It Stops Here: #UMATTER

What is It Stops Here: #UMATTER?

This project promotes respectful relationships for Aboriginal girls and boys in secondary schools throughout NSW and is funded by the NSW Government.

Attitudes and behaviours that lead to domestic violence and family violence can be expressed online and on social media as well as in individual and peer group relationships.

The project is designed to enhance students’ understanding of what kinds of behaviour are unacceptable, and what can be done to respond to forms of unacceptable behaviour.

It Stops Here encourages students to examine and reflect on their own behaviour and experiences, identify unacceptable forms of behaviour, and gain confidence to seek help when victimised.

It Stops Here: #UMATTER will assist in contributing to the social attitudinal and behavioural change necessary to prevent domestic and family violence against women, especially Indigenous women and girls. The project will also raise awareness of abusive relationships and support girls to develop healthy relationships in person and on social media, online and in mobile phone interactions.

Project aims

The project aims to:

  • Address the attitudes and behaviours that can lead to domestic and family violence against women, especially Indigenous women
  • Raise awareness of abusive relationships and behaviours/attitudes that are unacceptable (especially behaviours exhibited online) amongst young people, parents and teachers
  • Support young people, particularly girls, in developing healthy and respectful relationships in person and online.

What the research says

It Stops Here: #UMATTER is informed by research that indicates many young people are unaware of or confused about the nature and extent of domestic and family violence in Australia; the kinds of attitudes and behaviours that contribute to the normalisation of violence in relationships; the most appropriate ways to challenge these kinds of behaviours, and where to seek help where necessary.

The White Ribbon Foundation has surveyed over 3000 young people across Australia regarding their attitudes to domestic and family violence. These findings affirm the need to educate young people on respectful relationships, acceptable and unacceptable behaviours in personal relationships and appropriate ways to seek help. A snapshot of these findings shows that:

  • 76% of young people believe that domestic violence is common in Australia, but they have difficulty understanding what behaviours are normal and what domestic violence means.
  • Most young people learn about domestic violence from the media – less than half of young people interviewed received information on domestic violence at school.
  • Young men are more likely than young women to agree with statements that affirm gender stereotypes and attitudes that support gendered violence. For instance:
    • 1 in 4 young men agreed that “girls like guys who are in charge of the relationship”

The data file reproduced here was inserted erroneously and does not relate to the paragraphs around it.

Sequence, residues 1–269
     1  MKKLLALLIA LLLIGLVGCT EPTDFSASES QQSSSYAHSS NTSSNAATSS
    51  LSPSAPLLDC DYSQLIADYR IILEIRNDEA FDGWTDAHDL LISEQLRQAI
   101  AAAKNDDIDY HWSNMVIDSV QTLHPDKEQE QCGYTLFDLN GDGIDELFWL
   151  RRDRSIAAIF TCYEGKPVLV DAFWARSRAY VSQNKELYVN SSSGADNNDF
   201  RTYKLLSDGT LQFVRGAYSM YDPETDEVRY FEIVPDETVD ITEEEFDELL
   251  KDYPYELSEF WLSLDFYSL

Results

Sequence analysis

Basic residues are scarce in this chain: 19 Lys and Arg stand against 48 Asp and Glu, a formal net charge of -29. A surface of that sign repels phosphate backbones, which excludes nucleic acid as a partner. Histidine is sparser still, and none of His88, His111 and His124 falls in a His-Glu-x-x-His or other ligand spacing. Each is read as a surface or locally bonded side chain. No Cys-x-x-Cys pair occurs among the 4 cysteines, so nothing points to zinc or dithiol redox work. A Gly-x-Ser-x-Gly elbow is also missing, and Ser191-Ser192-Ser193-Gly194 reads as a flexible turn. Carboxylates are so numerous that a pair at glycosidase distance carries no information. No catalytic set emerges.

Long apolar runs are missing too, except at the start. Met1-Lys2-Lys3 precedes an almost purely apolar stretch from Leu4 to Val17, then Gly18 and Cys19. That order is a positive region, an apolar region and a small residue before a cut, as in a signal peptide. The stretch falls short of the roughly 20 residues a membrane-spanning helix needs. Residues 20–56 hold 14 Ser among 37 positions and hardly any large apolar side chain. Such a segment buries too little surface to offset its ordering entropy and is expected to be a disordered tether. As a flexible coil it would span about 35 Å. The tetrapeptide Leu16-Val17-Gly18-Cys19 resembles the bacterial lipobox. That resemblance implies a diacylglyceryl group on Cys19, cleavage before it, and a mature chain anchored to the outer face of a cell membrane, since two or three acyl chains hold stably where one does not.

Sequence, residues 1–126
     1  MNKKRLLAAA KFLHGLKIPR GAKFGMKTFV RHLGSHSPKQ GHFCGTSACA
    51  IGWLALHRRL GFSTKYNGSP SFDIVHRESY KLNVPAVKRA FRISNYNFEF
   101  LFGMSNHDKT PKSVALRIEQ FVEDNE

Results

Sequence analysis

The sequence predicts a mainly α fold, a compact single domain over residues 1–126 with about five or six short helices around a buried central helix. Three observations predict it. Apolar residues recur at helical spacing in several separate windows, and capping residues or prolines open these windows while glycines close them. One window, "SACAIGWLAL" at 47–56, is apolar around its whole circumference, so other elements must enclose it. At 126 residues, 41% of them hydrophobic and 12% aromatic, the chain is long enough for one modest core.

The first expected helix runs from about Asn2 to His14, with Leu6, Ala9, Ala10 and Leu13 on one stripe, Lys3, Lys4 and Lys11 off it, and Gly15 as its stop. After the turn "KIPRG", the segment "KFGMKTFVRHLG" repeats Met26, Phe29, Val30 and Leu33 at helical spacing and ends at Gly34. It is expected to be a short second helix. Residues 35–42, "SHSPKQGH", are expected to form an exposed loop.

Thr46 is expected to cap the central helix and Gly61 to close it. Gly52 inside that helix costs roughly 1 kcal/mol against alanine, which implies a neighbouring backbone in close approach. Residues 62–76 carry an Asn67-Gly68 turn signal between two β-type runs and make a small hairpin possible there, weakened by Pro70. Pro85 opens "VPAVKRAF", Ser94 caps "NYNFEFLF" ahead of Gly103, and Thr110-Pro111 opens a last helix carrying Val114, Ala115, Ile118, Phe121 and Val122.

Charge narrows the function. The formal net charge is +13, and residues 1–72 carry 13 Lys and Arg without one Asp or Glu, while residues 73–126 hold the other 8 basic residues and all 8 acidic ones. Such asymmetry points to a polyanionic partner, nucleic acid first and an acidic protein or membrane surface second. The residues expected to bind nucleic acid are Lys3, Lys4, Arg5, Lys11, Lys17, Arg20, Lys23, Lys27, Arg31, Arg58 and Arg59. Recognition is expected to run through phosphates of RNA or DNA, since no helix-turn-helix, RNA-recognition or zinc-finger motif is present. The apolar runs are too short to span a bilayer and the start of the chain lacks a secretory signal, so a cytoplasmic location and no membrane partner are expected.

• 1 in 6 young men believed that “men are usually better at more things than women”
    • 1 in 7 young men agreed with the statement “Men are supposed to be the head of the household and take control of the relationship”.

Similar findings have been affirmed in the 2013 National Community Attitudes towards Violence Against Women Survey, indicating the prevalence of concerning attitudes amongst young people regarding domestic violence and respectful relationships. For instance, the survey found that:

  • While 98% of young people recognise that partner violence is against the law, young people are less likely to recognise non-physical (rather than physical) behaviours as violence against women
  • 26% of young people agree that partner violence can be excused if the perpetrator regrets the violence
  • Nearly 1 in 4 young people believe that domestic violence is a “personal matter” that should be handled within the family
  • 22% of young people believe that a man should take control in the relationship
  • Only 54% of young people would know where to get help for a problem about violence against women.

The project is also informed by research that affirms the need for cyber-bullying, particularly against young Indigenous Australians and young women specifically, to be addressed. Why? Because research says that:

  • Social media is an increasingly common means of communication for young people – bringing with it good and bad. As of June 2015 80% of all Australian teens use a smartphone to go online (ACMA 2016)
  • In addition, social media is extremely common amongst Indigenous people, once again with positive and negative consequences. Approximately 42% of Australia’s overall Indigenous population use Facebook (Callinan, Tara 2014 (SBS))
  • Cyber-bullying is a gendered form of abuse with victims predominantly being female.
  • A significant proportion of reported cyber-bullying incidents – up to one-third – are cases involving “sexual cyber-bullying”.